• Clean frame thoroughly.  If necessary or desired, paint the frame. I like to start with spray primer then spray or brush on paint in your choice of color. After paint has dried, attach handles.
  • Using the glass as a template, position, mark the edges and cut the paper/fabric to size.  Mark and cut the foam core board the same size.  Brush Mod Podge onto back of paper/fabric and adhere to foam core board.
  • Now comes the fun part.  Place glass into frame, then foam core board with paper.  If necessary, add another piece of foam core board to fill up frame.  Secure all around inside edges with glazier points.  Now flip over and admire!
  • To finish up, glue “feet” on bottom of frame at each corner using a strong glue. 

Tips, Tricks and Variations:
  • I like to cover entire bottom of tray by gluing on a stiff piece of canvas.  Cut notches at corners for feet.
  • Vary your look with feet made of marbles, river rocks, twigs with bark or corks.
  • Vary your tray top with print fabric, wrapping paper or a wonderful collage of ephemera.
  • If you are not so swift with power tools, omit the handles.  Just embellish with “feet”.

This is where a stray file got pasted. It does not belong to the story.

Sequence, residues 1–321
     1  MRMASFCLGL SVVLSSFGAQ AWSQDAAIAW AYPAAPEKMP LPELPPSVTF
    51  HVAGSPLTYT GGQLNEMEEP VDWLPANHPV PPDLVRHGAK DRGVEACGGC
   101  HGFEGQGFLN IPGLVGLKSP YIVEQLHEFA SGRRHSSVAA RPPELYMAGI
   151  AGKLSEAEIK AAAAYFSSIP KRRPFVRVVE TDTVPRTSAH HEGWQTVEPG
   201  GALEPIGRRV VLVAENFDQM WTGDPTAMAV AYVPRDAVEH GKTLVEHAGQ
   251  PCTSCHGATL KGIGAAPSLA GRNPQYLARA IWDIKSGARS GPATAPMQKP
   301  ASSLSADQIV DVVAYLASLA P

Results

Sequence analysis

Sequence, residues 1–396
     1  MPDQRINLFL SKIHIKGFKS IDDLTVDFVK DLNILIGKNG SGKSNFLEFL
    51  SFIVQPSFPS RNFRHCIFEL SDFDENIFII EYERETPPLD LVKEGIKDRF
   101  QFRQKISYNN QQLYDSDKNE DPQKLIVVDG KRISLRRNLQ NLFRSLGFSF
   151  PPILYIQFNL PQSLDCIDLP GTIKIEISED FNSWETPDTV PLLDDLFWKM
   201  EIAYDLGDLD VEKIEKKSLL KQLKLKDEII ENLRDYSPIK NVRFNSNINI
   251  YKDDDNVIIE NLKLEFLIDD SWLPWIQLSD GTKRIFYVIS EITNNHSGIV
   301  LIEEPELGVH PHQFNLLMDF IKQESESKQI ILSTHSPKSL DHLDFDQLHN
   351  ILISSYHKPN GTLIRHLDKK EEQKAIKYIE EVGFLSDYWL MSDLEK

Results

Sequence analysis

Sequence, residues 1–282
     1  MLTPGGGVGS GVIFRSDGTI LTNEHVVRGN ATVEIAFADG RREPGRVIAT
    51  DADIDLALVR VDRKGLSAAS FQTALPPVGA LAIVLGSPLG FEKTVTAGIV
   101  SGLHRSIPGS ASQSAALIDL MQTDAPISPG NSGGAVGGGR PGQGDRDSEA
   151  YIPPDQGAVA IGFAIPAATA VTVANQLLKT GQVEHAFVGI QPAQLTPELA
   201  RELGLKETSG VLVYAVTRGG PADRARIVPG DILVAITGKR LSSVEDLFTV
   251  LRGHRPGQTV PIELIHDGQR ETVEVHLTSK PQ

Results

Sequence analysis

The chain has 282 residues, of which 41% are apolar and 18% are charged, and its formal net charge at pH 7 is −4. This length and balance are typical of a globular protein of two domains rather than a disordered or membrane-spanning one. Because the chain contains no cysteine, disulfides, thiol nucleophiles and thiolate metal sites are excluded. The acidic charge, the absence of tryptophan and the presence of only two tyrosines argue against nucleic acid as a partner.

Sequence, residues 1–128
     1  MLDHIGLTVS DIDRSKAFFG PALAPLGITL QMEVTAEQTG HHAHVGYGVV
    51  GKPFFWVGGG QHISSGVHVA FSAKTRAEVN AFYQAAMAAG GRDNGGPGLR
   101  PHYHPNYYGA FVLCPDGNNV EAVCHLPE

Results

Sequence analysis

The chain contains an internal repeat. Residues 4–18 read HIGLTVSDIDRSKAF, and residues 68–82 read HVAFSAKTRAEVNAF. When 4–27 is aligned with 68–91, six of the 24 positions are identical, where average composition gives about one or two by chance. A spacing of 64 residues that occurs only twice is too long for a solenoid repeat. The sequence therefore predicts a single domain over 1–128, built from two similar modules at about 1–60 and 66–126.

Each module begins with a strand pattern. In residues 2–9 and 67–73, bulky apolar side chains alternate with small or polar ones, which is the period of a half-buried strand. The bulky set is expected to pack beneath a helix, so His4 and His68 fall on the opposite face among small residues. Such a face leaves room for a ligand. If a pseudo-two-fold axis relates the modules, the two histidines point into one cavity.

• You can try finishing your frame with antiquing glaze, milk paint wash, crackle glaze or metallic spray paint.
  • A small picture frame makes an adorable vanity tray.

I love my tray so much I keep it out on display when not in use!


An Easy Craft for Kids

Need an easy craft for kids?  Your kids can make blue mummies or make robots out of supplies you probably have on hand. This was so much fun and even my youngest crafters were feeling creative and successful.  Best of all… no mess! 

You need:
• Juice boxes and water bottles
• Blue painter’s tape
• Mailing labels
• Toothpics
• Markers

1. Drink the juice or water. 
2. Clean the container. 
3. Wrap the container with Blue Tape.
4. Draw eyes and other decorations on the mailing labels and stick them on.
5.  Make arms, antennae, etc with toothpicks.

Have fun!


Make a New Lampshade

This lampshade was way past its prime.  It really didn’t look too bad on the exterior but the interior was looking more and more like a fire hazard every day.  It isn’t a standard size so I knew it would be hard to find a replacement at a reasonable price.  This was a great solution and a fun and simple project.

I found some wool felt, beads and ribbon and got started:
• I stripped the existing shade down to the wire frame. 
• Cut the wool felt to fit the wire frame.  I cut generously so it would drape a bit.
• Sewed the bead and ribbon on the bottom edge.
• Stitched a seam up the back.
• Next I got out my trusty grommet plyers and made grommets about 3” apart.
• Laced the ribbon through the grommets and around the top of the wire frame.

Tie a pretty bow and… it’s lovely!

I haven't used my grommet plyers in so long, I had forgotten how much fun they are.  Now I want to make another lampshade with vintage linen that has a beautiful border.


How to Make a Big Bow